I started by telling her that although the physical lust was undoubtedly still there, I was beginning to feel a lot more than the simple ‘like’ that had initially accompanied it. I said that I already wanted it to be longer term hopefully becoming permanent.
‘Why now David,’ Lucy asked quietly and in all seriousness.
‘I know it has only been a few weeks but those two weeks in Greece without you convinced me that I wanted more. I should have just been revelling in Kate’s company, and I did of course, but somehow it wasn’t quite enough. All I needed to know was whether you felt something similar.’
I kissed her softly and briefly. ‘If you don’t then I really need to know now.’
‘So you can finish it?’
‘No!’ I stated firmly. ‘At least not unless that’s what you want. Just so that I know what to expect. I daren’t let myself get hurt again.’
Lucy caressed my cheek. ‘Silly, I couldn’t hurt you like that. I’ll be honest, unlike you I’ve never been in love so don’t know what it feels like. I do know that what I already feel for you is stronger, and much better, than anything I’ve felt before. I can’t promise anything in the long run, but I want, no make that need, to see how far we can go.’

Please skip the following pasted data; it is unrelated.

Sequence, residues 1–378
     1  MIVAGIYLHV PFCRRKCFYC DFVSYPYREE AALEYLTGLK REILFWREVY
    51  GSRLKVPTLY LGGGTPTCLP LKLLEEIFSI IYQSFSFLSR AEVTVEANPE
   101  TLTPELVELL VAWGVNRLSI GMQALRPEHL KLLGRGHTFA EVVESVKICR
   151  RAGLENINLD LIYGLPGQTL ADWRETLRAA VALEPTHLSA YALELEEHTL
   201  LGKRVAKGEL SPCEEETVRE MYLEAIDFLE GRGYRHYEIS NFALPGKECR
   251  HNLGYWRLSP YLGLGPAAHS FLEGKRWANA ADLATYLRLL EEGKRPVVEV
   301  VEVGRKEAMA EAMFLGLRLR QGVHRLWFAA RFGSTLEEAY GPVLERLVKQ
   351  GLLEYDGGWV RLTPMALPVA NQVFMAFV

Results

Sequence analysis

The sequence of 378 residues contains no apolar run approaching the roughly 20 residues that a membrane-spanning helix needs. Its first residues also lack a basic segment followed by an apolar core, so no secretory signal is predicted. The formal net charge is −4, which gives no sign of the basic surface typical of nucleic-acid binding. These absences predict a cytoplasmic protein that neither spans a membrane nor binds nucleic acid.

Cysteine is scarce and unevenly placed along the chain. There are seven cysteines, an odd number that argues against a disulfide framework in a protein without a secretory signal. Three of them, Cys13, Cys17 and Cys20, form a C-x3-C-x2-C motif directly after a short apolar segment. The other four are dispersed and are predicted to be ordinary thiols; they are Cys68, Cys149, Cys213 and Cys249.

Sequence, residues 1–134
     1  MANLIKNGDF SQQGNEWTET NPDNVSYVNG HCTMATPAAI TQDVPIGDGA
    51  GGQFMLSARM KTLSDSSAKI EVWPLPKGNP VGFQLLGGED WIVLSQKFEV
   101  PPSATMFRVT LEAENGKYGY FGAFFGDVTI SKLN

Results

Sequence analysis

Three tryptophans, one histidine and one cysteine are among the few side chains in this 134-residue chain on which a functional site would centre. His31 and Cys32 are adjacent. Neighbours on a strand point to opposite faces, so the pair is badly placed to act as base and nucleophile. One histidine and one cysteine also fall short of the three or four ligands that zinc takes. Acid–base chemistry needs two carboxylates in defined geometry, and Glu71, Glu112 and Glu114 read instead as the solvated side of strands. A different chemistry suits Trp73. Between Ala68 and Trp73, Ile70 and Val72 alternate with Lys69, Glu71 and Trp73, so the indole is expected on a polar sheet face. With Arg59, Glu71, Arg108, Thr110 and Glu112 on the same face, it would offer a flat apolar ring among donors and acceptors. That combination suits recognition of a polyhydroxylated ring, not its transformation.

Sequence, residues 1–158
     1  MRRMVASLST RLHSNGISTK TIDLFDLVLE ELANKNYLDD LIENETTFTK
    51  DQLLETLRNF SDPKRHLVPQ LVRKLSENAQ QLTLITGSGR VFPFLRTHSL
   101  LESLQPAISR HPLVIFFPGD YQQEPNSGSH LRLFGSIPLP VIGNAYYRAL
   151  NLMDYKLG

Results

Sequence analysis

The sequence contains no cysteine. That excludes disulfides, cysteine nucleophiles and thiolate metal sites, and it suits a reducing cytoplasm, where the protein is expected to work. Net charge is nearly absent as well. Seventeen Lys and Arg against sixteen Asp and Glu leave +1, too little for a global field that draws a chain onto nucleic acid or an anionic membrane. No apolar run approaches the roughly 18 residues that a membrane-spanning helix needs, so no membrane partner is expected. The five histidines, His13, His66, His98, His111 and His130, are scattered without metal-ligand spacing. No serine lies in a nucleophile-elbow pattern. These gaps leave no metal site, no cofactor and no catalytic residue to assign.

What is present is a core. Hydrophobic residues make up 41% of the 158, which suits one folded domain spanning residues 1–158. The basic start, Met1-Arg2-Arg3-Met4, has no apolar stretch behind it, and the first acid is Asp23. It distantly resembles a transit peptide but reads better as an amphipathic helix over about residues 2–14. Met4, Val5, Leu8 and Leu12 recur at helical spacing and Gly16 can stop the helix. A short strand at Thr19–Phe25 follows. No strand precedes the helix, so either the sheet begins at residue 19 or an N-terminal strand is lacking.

When she finished speaking I realised that I’d been holding my breathe throughout. The relief I felt was tangible and must have been very obvious to Lucy.
‘You really were worried?’
I nodded before pulling her to me and holding her very tight. The moment got to both of us as we must have fallen asleep because the next thing I knew was my daughter’s sympathetic laughter. After an hour of listening to my daughter’s day I headed for bed. There Lucy and I made the most gentle and bonding love possible.
This is a romantic story of 13 chapters,set in the north Midlands of England and is written using an English vocabulary. Where I know of differing meanings for my none English readers then I have explained them. If I miss any please feel free to ask.
The Potteries — The area of Stoke-on-Trent famed for its production of pottery included names like Wedgwood, Doulton, Minton, Spode and many others. http://www.thepotteries.org
Throwing — the art of throwing clay onto a Potter’s Wheel and building up a ‘pot’ http://www.wikihow.com/Throw-a-Pot
North Staffordshire oatcakes are a local delicacy, though their delicious flavour doesn’t seem to have spread too far. Plan a visit to almost any Stokie living away and a request for a dozen or so oatcakes is almost immediate. http://en.wikipedia.org/wiki/Oatcake